Seventh Circuit: Employee Failed to Establish link Between Termination and Filing of Workers' Comp Claim

The employee, who worked as a passenger general trucker, was terminated after 22 years when he failed to submit to a mandatory drug test following a workplace accident. The employer maintained a mandatory written substance abuse policy that required drug testing in certain situations. 

The employee filed suit claiming retaliatory discharge. The employee failed to establish causation, however, because the undisputed facts, including the employee's own deposition testimony, noted that he was terminated because he refused to take a drug test upon initiation of a workers' compensation claim as required by the employer's drug policy. The employee had no evidence that the employer had any other reason for his termination other than his violation of the drug testing policy. The employee also could not establish that the drug policy was discriminatory as he could not provide evidence that the policy discourages employees from filing workers' compensation claims. As such, the U.S. Court of Appeals for the Seventh Circuit affirmed the lower court's finding that the employee's employment was terminated solely as a result of his refusal to take the mandatory drug test and not in retaliation for his seeking to file a workers' compensation claim.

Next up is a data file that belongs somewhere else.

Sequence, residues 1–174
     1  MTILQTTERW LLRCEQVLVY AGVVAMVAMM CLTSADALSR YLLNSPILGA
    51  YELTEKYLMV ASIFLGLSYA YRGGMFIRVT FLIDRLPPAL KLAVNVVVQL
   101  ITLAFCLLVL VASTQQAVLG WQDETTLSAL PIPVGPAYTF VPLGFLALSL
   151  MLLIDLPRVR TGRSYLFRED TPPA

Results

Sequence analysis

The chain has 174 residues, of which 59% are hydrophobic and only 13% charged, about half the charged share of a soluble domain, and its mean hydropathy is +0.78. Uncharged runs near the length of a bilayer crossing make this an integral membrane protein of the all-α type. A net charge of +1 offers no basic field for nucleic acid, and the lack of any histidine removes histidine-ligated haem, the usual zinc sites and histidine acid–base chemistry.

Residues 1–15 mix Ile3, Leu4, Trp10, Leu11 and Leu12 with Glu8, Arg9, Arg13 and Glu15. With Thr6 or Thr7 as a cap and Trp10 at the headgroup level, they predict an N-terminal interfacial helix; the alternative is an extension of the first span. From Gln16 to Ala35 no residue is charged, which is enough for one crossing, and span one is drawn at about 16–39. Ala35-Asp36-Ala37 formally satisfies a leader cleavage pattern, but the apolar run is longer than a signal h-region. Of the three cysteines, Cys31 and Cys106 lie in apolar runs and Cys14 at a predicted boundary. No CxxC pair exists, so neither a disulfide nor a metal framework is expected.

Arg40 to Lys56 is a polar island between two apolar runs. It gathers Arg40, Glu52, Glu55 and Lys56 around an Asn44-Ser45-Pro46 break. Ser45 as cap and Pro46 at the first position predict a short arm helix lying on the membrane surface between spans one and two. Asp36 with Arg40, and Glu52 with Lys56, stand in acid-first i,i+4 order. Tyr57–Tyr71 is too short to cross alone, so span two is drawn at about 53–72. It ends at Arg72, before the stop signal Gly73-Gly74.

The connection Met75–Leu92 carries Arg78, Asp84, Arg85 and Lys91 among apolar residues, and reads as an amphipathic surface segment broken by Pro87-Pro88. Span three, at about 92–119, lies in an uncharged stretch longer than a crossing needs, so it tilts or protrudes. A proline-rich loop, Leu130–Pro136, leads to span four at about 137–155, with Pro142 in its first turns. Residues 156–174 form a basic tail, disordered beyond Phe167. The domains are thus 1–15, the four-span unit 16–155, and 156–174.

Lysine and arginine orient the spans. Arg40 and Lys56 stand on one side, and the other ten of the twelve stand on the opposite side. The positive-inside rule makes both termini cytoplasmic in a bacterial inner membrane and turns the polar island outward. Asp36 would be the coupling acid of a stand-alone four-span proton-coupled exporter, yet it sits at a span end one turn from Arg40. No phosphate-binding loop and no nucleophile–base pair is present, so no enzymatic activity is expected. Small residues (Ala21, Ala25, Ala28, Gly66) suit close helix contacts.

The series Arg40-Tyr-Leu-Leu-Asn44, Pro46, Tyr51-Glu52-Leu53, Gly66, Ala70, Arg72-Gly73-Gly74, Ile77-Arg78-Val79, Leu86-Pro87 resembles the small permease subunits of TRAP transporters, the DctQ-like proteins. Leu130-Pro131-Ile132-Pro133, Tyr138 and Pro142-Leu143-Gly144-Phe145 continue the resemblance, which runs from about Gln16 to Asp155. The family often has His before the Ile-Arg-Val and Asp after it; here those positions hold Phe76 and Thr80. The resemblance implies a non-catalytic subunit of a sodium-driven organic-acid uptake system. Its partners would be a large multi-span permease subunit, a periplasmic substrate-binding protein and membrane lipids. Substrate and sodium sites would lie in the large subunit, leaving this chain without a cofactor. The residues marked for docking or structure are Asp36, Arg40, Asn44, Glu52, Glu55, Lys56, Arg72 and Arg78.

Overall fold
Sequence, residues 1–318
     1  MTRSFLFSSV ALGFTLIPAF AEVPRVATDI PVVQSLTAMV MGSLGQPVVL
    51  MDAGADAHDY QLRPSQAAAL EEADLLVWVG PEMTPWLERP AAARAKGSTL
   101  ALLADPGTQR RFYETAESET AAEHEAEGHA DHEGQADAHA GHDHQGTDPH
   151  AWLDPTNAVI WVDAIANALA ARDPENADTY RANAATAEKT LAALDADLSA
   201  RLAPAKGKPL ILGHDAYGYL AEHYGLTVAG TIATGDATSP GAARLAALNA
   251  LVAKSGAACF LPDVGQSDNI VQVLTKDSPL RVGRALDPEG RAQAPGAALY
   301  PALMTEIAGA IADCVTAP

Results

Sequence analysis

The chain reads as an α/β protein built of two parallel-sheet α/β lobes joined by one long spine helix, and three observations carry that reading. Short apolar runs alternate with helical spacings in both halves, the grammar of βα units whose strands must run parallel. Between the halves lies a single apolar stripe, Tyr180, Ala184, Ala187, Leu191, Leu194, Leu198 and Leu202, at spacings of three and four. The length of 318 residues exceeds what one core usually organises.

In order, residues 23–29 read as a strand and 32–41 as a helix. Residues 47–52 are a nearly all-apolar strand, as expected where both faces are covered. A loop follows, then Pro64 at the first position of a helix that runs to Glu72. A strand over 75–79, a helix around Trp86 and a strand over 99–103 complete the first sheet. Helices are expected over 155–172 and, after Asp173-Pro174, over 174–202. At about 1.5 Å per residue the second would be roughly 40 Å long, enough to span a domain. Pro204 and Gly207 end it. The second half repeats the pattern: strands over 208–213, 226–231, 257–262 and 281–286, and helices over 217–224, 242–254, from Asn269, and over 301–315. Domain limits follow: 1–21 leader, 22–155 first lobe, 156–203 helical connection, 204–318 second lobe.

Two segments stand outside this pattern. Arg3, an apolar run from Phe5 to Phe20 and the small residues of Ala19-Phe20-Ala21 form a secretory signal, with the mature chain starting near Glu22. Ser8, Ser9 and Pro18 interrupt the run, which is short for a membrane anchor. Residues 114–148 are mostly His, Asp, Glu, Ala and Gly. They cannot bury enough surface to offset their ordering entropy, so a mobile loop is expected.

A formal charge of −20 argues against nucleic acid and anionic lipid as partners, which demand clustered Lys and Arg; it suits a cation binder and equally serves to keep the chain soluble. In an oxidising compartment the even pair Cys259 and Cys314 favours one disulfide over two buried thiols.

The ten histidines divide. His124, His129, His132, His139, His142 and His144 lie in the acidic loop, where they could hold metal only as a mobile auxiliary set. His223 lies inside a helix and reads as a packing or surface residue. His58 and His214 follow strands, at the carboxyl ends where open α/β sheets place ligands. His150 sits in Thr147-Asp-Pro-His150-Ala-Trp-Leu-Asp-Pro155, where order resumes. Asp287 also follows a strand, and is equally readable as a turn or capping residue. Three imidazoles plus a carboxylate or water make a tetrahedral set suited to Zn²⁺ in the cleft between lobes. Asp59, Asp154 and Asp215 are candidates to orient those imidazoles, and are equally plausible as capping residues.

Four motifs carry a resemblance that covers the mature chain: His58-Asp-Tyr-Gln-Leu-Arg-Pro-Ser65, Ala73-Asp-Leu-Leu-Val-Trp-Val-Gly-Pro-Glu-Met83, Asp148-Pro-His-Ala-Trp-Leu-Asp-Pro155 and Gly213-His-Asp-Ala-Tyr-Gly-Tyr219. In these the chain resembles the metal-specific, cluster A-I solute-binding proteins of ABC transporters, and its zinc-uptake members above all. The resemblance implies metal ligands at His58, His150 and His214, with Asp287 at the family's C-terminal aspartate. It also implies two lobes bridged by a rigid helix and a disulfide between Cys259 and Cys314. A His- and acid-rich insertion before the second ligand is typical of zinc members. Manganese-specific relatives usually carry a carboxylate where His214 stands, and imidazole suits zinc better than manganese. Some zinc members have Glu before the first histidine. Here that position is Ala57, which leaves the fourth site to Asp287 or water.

The lesson from this case is that temporal proximity between the protected activity and the alleged adverse employment action may bolster even a weak claim by an employee. Thus, it is always important to work with human resources professionals before administering any adverse employment action to manage risk.

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